Mortimer's Hollywood finale secures his second PGA title
THE eagle certainly landed for David Mortimer yesterday as the Ladbrokes PGA Irish Championship came to an astonishing climax.
Mortimer (35), from Renvyle in Co Galway, holed out in spectacular fashion from just off the final green at Seapoint to complete a stunning one-stroke win over European Tour ace Damien McGrane.
Yet both men deserve credit for fashioning a rip-roaring finish worthy of the 100th edition of this august championship. Moments before Mortimer applied the coup de grace, McGrane hit the hole with a phenomenal 30-yard chip for an eagle three of his own -- instead, his ball rolled around the rim of the cup and out, leaving the Kells man with a tap-in birdie.
Then up stepped Mortimer, hitting a superlative 40-foot putt through the fringe grass and onto the green, his eyes widening with excitement as it curled left to right, homing in on the cup. As his ball disappeared, Mortimer, all 6ft4in of him, leapt high into the air and then bounded onto the green after it, in such exultation we half-expected him to pull his charcoal grey jumper over his head.
Instead, he was intercepted by caddie John Frazer, who then lifted the Connemara giant clean off the ground. Frazer had carried the bag when Mortimer had birdied the last to win the Irish PGA title at Druids Heath in 2006 ... but yesterday was special as hundreds of fans were treated to the sort of finish they dream of only in Hollywood.
Mortimer had led McGrane -- and Damien Mooney -- by one overnight but they were level on nine-under after 17 holes yesterday (two ahead of third-placed John Kelly of St Margaret's). So they it was mano-a-mano down the last for the title.
This was match play in all but name, a perfect pipe-opener to Ryder Cup week. Indeed, if the action at Celtic Manor is as good as this, we're in for a real treat. For the record, they both signed for a final-round 68 yesterday.
Mortimer had ranked his win at last month's Glenmuir Club Professional Championship of Great Britain and Ireland as the biggest of his career until yesterday, when he became the first man to win both titles in the same season.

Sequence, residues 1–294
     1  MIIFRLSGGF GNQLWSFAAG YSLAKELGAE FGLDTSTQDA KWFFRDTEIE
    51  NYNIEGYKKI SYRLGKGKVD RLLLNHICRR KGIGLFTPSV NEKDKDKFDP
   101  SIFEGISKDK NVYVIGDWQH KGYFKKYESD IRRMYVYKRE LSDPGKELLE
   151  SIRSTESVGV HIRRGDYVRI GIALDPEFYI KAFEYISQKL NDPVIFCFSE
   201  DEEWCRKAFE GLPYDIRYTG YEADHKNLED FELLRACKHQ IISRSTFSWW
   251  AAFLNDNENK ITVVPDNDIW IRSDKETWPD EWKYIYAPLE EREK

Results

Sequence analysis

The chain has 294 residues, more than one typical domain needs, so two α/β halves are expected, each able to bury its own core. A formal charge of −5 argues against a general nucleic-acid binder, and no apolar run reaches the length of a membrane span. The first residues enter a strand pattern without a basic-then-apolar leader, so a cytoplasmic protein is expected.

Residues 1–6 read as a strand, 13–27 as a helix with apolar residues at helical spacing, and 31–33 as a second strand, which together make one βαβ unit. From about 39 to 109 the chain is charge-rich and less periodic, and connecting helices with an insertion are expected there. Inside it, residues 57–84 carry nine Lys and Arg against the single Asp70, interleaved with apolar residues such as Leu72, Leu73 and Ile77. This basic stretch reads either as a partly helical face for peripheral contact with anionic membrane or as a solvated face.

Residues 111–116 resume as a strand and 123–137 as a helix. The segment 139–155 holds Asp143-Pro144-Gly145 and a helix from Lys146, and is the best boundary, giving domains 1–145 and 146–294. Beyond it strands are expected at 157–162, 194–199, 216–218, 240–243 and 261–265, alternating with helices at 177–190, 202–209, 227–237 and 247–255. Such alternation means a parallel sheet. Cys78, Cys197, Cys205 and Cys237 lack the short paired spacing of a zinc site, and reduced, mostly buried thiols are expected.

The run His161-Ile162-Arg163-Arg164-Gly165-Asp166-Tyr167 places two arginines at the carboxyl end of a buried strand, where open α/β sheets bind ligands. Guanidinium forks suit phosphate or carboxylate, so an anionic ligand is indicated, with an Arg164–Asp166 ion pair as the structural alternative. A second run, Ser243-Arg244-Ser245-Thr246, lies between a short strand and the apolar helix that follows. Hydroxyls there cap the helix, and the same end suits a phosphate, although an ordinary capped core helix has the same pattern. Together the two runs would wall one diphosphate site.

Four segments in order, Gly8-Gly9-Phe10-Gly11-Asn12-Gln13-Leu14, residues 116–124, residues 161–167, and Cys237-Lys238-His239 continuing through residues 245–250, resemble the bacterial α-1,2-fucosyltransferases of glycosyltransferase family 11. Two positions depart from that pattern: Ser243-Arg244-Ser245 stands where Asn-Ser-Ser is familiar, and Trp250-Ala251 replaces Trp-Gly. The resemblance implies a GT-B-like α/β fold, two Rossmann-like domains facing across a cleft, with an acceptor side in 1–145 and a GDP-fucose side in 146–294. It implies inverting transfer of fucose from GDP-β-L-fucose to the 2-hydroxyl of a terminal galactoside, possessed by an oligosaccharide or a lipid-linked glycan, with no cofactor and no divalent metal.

"This is the highlight," he said. "This is the best one for how it finished and who I was playing against. The last time I won it in 2006, with no disrespect to anyone, we didn't have the Tour players taking part."
Mortimer extended heartfelt thanks to his fiancée Samantha Keane, coach Shane O'Grady, mind-guru Fran O'Reilly and, significantly, McGrane. Drawn together in the first two rounds, McGrane offered Mortimer a piece of friendly advice as they walked down the 12th hole last Thursday ... and he put it to good use over the weekend. "I mentioned to Damien about the guys from the Irish Region who play in the Irish Open and he said a lot of them go out trying not to make mistakes, yet you're not going to be competitive if you're trying to keep bogeys off your card," Mortimer explained.
"It occurred to me I was doing exactly the same thing, laying back and watching what Damien was doing. So I made up my mind to play my own game," added Mortimer, who has made it through to November's second stage European Tour Q-School.
"David's a good player, he just needed to believe it," said McGrane. "He scored well every day at this tournament and provided a spectacular finish for the spectators, so he's a great champion. Fair play to him. I played lovely from tee to green all week but struggled to score. I've always wanted to win this championship. My chance will come another day."
A final-round 72 left Belfast boomer Mooney tied fourth with GUI national coach Neil Manchip, who got "a real buzz" out of playing his first 72-hole event in four years.
Manchip's star pupil Shane Lowry finished 16th on three-over and vowed to work on his putting before next week's Dunhill Links. Des Smyth, co-designer of Seapoint with Declan Brannigan, closed with 75 for a share of 14th on two-over.